I want to tell you a story, about a border collie named Ralph—a working dog, in the parlance of the Pink House. He belonged to my grandfather, who let me pick him out and name him, after my own dog (also named Ralph) had been run over by a car. Ralph and I became good friends, our years together, so good that the original Ralph has faded from my memory pretty completely. The later one, the subject of this story, was really the first dog I loved. He was my constant, uncomplaining companion and protector, never hesitating to shield me from whatever wild creature fell in our path. He shared my taste for fried chicken and gravy, and for other things, too—especially swimming. I never saw a dog that loved the water more than he did.
We used to swim twice a day in summer, about an hour before the noon meal, about the time the first traces of sweat appeared back of my neck, and again after supper in the evening, when the water was still very warm, but the edge of the heat was blunted a little. The late swim often initiated after Ralph had emerged from beneath the porch to roll around in the dirt outside the little window looking into the kitchen. Once the screen door slammed, he would race around the edge of the house to find me, before surging ahead, revived and exhilarated by the prospect of water. He would bound forward and backward along the path at intervals, yapping at me when I dawdled, sometimes doubling all the way back to nip at my heels.
At some point along the way, as if giving way to a building momentum, we would both begin to run, as Ralph had wanted all along. We'd slide down the embankment to the creek’s edge, and dive into the green water together in a single squirming graceless kerplunk. All the day’s residual heat was vanished by this ritual until midmorning of the following day. It required at least an hour of floating, splashing, swimming, and diving to accomplish this relief, though, usually until the sun was finally hidden by the tree-line, and even the cicadas had begun to cool down. We would find ourselves dog-paddling side by side in the sudden, tolerable stillness, and know it was time to go home. Silly as it was, these moments I was sure Ralph knew what I was thinking, maybe knew it even a little before I did, so effortlessly he seemed to anticipate my moods, and my movements.
The journey back to the house was delicious and slow. Ralph would maunder under pistachio bushes, trying to root out jack rabbits, and I would kick around the dirt looking for old arrowheads or carelessly buried silver or gold. Once we were back, we would usually sit on the back porch together, and contentedly watch as the sun sank below the roof of Mary Smith’s green little house across the highway.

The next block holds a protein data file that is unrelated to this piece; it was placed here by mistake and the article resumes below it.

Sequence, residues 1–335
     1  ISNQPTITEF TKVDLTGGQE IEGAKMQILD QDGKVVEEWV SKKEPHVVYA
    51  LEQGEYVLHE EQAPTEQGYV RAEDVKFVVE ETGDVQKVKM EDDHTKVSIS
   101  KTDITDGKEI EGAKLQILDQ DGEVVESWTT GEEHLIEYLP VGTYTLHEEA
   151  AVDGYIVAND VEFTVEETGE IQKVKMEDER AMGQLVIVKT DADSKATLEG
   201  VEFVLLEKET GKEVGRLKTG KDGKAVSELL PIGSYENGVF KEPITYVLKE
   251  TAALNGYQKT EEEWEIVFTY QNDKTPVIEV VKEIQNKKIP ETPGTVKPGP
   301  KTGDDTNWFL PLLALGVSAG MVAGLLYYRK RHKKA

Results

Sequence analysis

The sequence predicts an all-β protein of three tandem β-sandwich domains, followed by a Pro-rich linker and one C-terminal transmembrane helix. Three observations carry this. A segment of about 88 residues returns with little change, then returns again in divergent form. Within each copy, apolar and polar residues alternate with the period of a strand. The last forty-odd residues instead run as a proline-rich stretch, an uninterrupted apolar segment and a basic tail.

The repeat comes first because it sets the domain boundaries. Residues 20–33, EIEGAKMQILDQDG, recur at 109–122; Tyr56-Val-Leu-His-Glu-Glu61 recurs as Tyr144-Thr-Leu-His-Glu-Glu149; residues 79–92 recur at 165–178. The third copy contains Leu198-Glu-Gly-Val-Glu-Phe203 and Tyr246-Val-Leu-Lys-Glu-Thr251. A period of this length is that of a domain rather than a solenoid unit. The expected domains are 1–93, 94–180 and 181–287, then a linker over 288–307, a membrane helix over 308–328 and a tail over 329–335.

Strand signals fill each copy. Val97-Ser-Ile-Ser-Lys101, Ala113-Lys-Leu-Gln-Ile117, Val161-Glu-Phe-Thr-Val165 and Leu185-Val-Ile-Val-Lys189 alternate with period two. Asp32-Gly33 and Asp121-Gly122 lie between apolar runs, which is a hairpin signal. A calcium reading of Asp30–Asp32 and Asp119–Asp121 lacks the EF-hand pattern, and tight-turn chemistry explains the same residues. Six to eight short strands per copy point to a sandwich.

So were the summers, for five consecutive seasons.
The sixth season, when I was 11, my Uncle Ken came to visit, for a spell longer than the usual one or two days. He stayed so long, in fact, that he came along with us on our swims a few times, to our delight. I showed off my prowess diving (flopping) off the side, and Ralph preened his mastery of the swimming hole, allowing not so much as a turtle to come near without inviting his excited attention. At some point, though, on the second or third day Ken came with us, and after Ralph had dog paddled up beside him—to be stroked and praised and noticed for his bravery—Ken inexplicably reached out, and with one hand on the dog’s back, and the other on his head, pushed him deep in the water.
I screamed, and Ken was laughing, but he let go after a few seconds. Ralph came wheezing and spraying furiously to the surface, springing as rapidly across the water as his legs would carry him before vaulting to the shore in a terrified leap, and sprinting through the pasture home. He was under the porch when I came looking, and wouldn’t come out for 3 days, well after Ken had gone away. It was a week before anyone could come near enough to touch him, and nearly a month before he wouldn’t tremble when they did. It was the next summer before he would even return to the creek. Even then, he wouldn’t swim. He would watch me from the very top of the ledge, his black head resting furtively atop his white front paws, eyes alive with vigilance and caution. When I asked Mary Smith, who taught me to swim—as she had taught my father, and my grandfather, too, when they were boys—why Ralph was so afraid, she said she reckoned he’d learned the heart of humans—"pretty frightening for anyone, beast or man.”
Mary came out one day in July, and managed to lead Ralph back into the water, upcreek where it was shallow, and gradually deeper. He swam again, fitfully at first, but never if I or anyone but Mary was within 100 feet of him. She said it was because she had taught Ralph to swim, too, but I knew she was fooling, that no one had to teach dogs to swim. My Grandmother said it was just that Mary had a "special way", whatever that meant, but I thought I understood why Ralph grouped me in with everyone else, even though I'd never harmed him, or even spoke to him crossly. He had somehow read my heart, I thought; anticipating me, as he always had, he knew of its human meanness, even before I did.
I remembered that, sometimes, the end of evenings, while I sat on the porch alone, and felt Ralph rustling along beneath its planks. The next year, when a rattlesnake bit him on his nose, and it swoll up the size of a grapefruit, and his breath labored and wheezed as he lapsed into coma and death, I thought I knew what he was dreaming as he shuddered away, those final moments. I just wasn’t sure whose face he remembered, in the murk and distance of his death-dream, over the water holding him in.